Weathered oil, that is, tar, forms hotspots of hydrocarbon degradation by complex biota in marine environment. Here, we used marker gene sequencing and metagenomics to characterize the communities of bacteria, archaea and eukaryotes that colonized tar patties and control samples (wood, plastic), collected in the littoral following an offshore spill in the warm, oligotrophic southeastern Mediterranean Sea (SEMS). We show potential aerobic and anaerobic hydrocarbon catabolism niches on tar interior and exterior, linking carbon, sulfur and nitrogen cycles. Alongside aromatics and larger alkanes, short-chain alkanes appear to fuel dominant populations, both the aerobic clade UBA5335 (Macondimonas), anaerobic Syntropharchaeales, and facultative Mycobacteriales. Most key organisms, including the hydrocarbon degraders and cyanobacteria, have the potential to fix dinitrogen, potentially alleviating the nitrogen limitation of hydrocarbon degradation in the SEMS. We highlight the complexity of these tar-associated communities, where bacteria, archaea and eukaryotes co-exist, likely exchanging metabolites and competing for resources and space.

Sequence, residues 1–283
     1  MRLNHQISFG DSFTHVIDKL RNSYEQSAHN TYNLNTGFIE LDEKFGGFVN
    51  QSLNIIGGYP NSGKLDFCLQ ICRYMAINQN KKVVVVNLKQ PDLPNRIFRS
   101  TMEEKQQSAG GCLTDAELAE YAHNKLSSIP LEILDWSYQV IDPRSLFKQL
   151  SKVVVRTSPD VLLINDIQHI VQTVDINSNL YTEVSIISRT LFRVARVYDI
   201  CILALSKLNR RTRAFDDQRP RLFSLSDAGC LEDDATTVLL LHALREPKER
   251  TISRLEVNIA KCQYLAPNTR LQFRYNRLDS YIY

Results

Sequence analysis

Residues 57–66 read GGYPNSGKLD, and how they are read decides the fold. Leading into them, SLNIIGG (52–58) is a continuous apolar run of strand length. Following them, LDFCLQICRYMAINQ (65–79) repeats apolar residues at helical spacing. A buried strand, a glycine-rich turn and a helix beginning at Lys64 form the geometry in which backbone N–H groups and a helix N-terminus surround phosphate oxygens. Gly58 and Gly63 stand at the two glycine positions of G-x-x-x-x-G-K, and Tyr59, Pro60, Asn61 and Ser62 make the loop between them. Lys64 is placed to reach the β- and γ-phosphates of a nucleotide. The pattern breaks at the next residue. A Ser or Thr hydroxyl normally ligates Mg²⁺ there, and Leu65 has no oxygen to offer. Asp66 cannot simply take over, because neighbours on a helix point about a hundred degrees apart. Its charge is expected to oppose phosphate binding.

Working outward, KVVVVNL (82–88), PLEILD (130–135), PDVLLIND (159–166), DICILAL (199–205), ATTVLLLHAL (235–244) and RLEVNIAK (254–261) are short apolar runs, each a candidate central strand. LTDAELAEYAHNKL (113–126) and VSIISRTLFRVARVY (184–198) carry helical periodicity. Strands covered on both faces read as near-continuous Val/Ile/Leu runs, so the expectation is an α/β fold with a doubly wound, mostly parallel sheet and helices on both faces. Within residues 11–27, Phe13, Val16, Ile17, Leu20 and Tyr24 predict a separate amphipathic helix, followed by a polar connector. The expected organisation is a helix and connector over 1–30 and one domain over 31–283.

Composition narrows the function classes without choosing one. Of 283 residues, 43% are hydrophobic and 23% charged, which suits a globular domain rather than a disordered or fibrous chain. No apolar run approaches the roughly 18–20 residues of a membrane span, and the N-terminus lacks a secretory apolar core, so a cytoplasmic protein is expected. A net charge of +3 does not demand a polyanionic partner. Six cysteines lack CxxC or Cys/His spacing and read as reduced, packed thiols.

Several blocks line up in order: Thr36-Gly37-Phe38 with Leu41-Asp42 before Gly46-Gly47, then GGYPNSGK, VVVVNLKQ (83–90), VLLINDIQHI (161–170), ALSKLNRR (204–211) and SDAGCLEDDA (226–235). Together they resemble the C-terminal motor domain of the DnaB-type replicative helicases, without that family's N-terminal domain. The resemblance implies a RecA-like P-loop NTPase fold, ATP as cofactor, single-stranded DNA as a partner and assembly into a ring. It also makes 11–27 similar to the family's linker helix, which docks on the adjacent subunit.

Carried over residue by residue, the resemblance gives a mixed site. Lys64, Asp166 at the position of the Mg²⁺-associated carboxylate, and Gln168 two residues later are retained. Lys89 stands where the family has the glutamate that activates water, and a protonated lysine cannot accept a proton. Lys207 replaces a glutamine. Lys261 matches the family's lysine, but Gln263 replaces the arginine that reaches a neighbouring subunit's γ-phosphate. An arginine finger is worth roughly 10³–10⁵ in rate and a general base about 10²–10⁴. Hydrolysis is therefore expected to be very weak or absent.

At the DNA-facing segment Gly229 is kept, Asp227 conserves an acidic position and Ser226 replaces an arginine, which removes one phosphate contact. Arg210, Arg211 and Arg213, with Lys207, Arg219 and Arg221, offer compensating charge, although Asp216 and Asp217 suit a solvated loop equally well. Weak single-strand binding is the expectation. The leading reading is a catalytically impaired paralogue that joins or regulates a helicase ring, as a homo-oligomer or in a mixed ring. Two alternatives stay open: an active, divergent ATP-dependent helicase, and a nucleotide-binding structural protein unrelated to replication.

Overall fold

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- Marine microbes
- Nitrogen fixation
- Short-chain alkanes